S.O.L. (2011) – By Duane L. Martin

The name of the film is S.O.L.. If you don’t know what that means, then you’re either a complete prude or you’ve been living under a rock your whole life. S.O.L. pretty much describes the life of the main character, Zack (Jason Schaver). He once had it all going for him. He had a beautiful girlfriend and his career was really taking off, but things turned sour for him when his sitcom got canceled, his stand up comedy career went to crap and his girlfriend left him because he was so focused on himself and his career all the time. Now, alone and depressed, Zack suddenly runs into his old friend Ryan (Ken Gayton) and his brother Michael (Adam Breske) outside a bank. They tell him they need a ride, and he agrees. That’s where things really turn to crap. Ryan and Michael rob the bank, take a super hot female hostage that also happens to be the star of a popular TV show called Superfreak, and they make Zack drive them to their hideout, which is a cabin out in the woods owned by Ryan’s Uncle Kevin, who was the mastermind of the bank robbery. Will Zack be able to get away with his life? Will he get back together with his ex-girlfriend? Will he ever climb out of the big pile of crap he landed in? You’ll have to see the film to find out.

So, what makes a great film? You ask that question to ten different people and you’ll likely get ten different answers. Well here’s my answer. A great film has four key elements. Competent production quality with a good pacing and flow, an engaging and coherent story, characters you actually care about, and it has to have a good sense of whatever kind of a film it’s trying to be genre-wise, those elemets have to work. If it’s a comedy, it has to be funny. If it’s a drama, it has to be…well, whatever people feel when they watch dramas. Personally I try to avoid them because they bore the hell out of me. You get the idea though.

What I love about this film is that it really nails each of these key elements. The cast is amazing and very talented, the funny parts are funny, the dramatic parts dramatic, the action parts feel like action parts, etc…. It also has a great pacing and tells a coherent story with multi-dimensional characters that the viewer can actually care about rather than being filled with one-dimensional throwaway characters that plague so many other films.

The most special thing about this film really are the characters. The cast was all great, but a few characters in particular were especially good. Adam Breske’s character Michael was basically an utter moron, but his character was one of the funniest I’ve seen in an independent film, probably ever, and he just played it to the hilt. The other stand out for me was Jonathan Biver, who had a small part as a hotel clerk. He wasn’t a main character or anything, but the way he played the utterly dry, disinterested and sarcastic clerk was just absolutely hilarious. If I mentioned everyone in the film who deserved a mention, I’d have to talk about the whole cast, but one other person I’d like to make special note of is Emily Wolf, who played the bitchy hostage, Jenna Davidson. Not only was she just beyond hot, but she’s also an incredibly gifted actress. She spends most of her time being a bitch in this film, but when her role called for it, she was able to be funny and dramatic as well, depending on the scene. She’s a very versatile performer, and did a great job with her character.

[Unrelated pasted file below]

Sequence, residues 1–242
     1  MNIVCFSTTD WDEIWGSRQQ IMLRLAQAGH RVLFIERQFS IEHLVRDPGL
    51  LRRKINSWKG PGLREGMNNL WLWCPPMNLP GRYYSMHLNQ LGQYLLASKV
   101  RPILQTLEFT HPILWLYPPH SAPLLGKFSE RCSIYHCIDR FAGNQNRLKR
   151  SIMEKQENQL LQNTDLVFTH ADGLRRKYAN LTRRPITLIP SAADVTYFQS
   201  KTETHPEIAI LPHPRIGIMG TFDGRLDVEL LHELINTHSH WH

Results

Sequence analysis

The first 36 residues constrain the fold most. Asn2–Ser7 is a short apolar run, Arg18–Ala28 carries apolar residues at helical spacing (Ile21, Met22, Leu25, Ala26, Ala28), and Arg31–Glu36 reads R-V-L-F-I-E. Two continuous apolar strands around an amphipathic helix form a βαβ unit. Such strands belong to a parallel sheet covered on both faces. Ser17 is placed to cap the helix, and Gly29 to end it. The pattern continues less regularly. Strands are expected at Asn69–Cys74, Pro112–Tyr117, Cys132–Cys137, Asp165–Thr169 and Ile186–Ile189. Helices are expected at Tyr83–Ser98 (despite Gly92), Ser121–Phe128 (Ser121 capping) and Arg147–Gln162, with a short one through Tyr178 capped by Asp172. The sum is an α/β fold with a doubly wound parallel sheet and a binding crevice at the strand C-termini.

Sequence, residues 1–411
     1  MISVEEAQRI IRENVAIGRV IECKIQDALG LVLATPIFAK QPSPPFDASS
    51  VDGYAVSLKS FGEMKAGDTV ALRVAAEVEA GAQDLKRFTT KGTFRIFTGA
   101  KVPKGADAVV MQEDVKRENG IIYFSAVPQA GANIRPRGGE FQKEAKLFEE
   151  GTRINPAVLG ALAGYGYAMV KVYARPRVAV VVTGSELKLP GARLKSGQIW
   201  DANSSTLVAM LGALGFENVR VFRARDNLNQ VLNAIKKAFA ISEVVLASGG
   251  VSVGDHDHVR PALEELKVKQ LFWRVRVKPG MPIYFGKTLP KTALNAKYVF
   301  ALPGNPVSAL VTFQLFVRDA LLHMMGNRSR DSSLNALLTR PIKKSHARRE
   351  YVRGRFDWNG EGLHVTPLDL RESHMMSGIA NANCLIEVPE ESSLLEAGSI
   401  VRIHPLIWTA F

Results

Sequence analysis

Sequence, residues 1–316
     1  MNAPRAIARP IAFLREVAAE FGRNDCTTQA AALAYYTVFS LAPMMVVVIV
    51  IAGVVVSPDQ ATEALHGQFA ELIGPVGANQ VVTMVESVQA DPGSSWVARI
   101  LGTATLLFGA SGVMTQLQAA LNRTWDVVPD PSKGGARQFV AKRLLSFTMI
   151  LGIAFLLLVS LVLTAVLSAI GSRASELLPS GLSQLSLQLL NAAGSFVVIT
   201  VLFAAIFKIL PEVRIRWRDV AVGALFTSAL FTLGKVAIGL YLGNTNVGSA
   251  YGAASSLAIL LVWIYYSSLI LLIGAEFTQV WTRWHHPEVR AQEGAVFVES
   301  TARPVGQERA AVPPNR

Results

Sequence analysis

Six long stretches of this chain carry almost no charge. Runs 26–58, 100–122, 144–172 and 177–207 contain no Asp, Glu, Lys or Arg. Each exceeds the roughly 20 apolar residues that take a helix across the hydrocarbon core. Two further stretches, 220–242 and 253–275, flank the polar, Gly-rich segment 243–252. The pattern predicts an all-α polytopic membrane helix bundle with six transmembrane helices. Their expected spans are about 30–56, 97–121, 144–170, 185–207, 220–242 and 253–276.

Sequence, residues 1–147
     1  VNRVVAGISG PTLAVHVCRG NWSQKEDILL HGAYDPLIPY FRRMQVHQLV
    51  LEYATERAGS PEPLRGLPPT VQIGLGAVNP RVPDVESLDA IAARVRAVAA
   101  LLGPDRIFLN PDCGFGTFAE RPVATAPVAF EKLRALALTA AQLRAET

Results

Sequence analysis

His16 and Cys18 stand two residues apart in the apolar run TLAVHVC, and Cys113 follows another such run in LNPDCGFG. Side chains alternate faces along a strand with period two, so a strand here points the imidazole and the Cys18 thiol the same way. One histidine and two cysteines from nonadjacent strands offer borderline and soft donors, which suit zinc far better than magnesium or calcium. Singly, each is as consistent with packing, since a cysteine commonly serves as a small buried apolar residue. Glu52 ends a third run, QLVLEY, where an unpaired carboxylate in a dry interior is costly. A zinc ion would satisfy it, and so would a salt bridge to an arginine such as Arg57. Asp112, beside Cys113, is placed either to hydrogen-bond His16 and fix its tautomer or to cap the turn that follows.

On a technical level, the film was incredibly well made. The camera work was excellent and the editing not only kept things moving along at a good pace, but the way it was all cut together really holds your attention. It never hangs on one scene too long or gives the impression that things are starting to drag. One scene that was edited together particularly well was the part where Zack’s girlfriend broke up with him and he was sitting alone in his apartment getting drunk. It really impressed me with how well it was all put together. The sound and lighting in the film were both great as well, with no scene too dark and no dialogue inaudible. All in all, the production quality here was just really, really good.

This film is an absolute blast. While the drama between Zack and his girlfriend Allison (Bethany Carol) can get a little heavy, those scenes are limited. The rest of the movie was just full on fun, and I would highly recommend checking it out if you get the chance.

If you’d like to find out more about this film, you can check out the film’s website at http://www.adjustedgratuity.com.